For example: ‘A figure ー as if conjured by the light that burst across the sky ーsuddenly appeared, and I stood stock still has he came towards me, his ghostly pale flesh visible through an almost completely unbuttoned shirt, his dark eyes boring into me, punctuating each step with a pause before continuing until my back pressed against the hard wall and my heart fluttered in my chest.’

The above sentence is of my own making, but it is following the Jamesian sentence structure. 

Meta-reflection: “A figure ー as if conjured by the light that burst across the sky ー”
Action: “suddenly appeared, and I stood stock still has he came towards me”
Conclusion: “his ghostly pale flesh visible through an almost completely unbuttoned shirt, his dark eyes boring into me, punctuating each step with a pause before continuing until my back pressed against the hard wall and my heart fluttered in my chest.”
James, and Victorian writers in general, are said to have been fans of long, complex sentences, and James was a obvious example of this trend. Frequently, he also liked to use complex punctuation such as dashes and semicolons too, but he also frequently extended sentences with commas, as I have done here.

Ghost stories, like novels, like fanfiction, were the time’s underappreciated literary form. According to the above link, “We are part of the long tradition of women writing and being told their writing is not real and does not matter, that the things we love and value are worthless and foolish, for so long that we even begin to believe it.”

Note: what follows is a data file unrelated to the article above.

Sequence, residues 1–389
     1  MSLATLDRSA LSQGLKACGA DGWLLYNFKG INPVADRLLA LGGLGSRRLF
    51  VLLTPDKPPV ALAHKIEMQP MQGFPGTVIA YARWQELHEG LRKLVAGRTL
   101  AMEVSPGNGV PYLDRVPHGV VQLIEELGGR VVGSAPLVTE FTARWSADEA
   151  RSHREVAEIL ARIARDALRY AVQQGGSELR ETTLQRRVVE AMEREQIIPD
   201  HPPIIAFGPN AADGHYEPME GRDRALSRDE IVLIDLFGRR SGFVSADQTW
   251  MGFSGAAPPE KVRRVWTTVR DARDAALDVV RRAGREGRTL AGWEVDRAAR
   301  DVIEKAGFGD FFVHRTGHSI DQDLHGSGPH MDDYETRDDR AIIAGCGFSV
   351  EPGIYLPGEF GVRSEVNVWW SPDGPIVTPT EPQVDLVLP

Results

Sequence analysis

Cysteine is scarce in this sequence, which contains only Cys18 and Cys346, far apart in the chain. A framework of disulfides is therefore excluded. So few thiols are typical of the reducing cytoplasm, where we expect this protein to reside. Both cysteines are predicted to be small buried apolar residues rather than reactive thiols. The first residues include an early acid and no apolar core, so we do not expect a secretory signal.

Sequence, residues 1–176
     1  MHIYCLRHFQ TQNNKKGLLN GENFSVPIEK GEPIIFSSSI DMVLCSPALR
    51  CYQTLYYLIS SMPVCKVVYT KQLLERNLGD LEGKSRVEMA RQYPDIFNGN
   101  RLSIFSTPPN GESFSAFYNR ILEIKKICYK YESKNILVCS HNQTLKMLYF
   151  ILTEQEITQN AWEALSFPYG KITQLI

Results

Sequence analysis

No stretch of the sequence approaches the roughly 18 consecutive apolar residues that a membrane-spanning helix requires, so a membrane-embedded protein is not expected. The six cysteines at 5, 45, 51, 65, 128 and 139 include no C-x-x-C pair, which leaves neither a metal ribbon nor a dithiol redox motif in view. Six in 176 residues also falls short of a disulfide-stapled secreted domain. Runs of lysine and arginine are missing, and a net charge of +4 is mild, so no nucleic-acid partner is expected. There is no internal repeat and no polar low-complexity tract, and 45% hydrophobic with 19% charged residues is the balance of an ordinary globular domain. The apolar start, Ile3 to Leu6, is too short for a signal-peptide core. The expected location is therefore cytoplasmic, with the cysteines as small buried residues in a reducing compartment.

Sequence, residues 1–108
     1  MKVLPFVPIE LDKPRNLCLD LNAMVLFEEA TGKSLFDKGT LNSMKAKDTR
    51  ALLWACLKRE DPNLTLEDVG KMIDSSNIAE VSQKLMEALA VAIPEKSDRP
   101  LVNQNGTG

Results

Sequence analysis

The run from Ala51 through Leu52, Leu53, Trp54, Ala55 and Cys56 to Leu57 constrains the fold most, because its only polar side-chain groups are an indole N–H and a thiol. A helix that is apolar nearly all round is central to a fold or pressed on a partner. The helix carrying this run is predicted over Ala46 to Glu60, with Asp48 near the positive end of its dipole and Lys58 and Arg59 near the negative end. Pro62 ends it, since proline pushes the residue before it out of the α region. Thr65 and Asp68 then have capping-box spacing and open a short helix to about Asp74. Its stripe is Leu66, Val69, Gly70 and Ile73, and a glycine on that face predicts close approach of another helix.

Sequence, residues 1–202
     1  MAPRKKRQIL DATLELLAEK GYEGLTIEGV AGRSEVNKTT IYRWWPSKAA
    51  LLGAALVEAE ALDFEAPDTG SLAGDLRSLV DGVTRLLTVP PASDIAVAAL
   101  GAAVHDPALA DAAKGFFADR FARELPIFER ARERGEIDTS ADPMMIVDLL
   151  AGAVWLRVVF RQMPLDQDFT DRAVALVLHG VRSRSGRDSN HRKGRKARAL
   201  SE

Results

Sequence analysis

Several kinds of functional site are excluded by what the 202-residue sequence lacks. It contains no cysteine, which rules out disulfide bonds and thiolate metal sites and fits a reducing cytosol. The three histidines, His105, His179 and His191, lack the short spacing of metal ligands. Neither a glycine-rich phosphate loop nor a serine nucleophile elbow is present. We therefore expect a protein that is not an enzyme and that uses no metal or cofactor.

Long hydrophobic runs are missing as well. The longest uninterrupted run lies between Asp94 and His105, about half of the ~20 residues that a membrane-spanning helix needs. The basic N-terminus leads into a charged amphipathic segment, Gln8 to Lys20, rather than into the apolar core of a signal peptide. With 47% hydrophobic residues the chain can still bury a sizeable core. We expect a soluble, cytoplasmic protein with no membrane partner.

And this is something I’ve believed for a while, but I also believed myself capable of proving myself good enough anyway, though I’ve not believed my own skill level to be “there yet”. Although the above link is about fanfiction, as is my accompanying remark, how do you think novel writers or ghost story writers of the past felt? Not good enough? But even if so, they still followed their passion, because they needed to, at least for themselves. If ghost story writers added queer code, or anything else apart from the norm, it’s because they needed to subvert the norm, to write something that they saw themselves reflected in, as I do. So I will continue to think about these underappreciated art forms, and to learn from them. Because, I believe, I am one of them.

Author: littlewonder2

I'm 25, and I blog to improve my writing; I want to be good enough to be published. I also studied Japanese when I was younger. Luckily, I'll be able to continue those studies along with Creative Writing next year in University.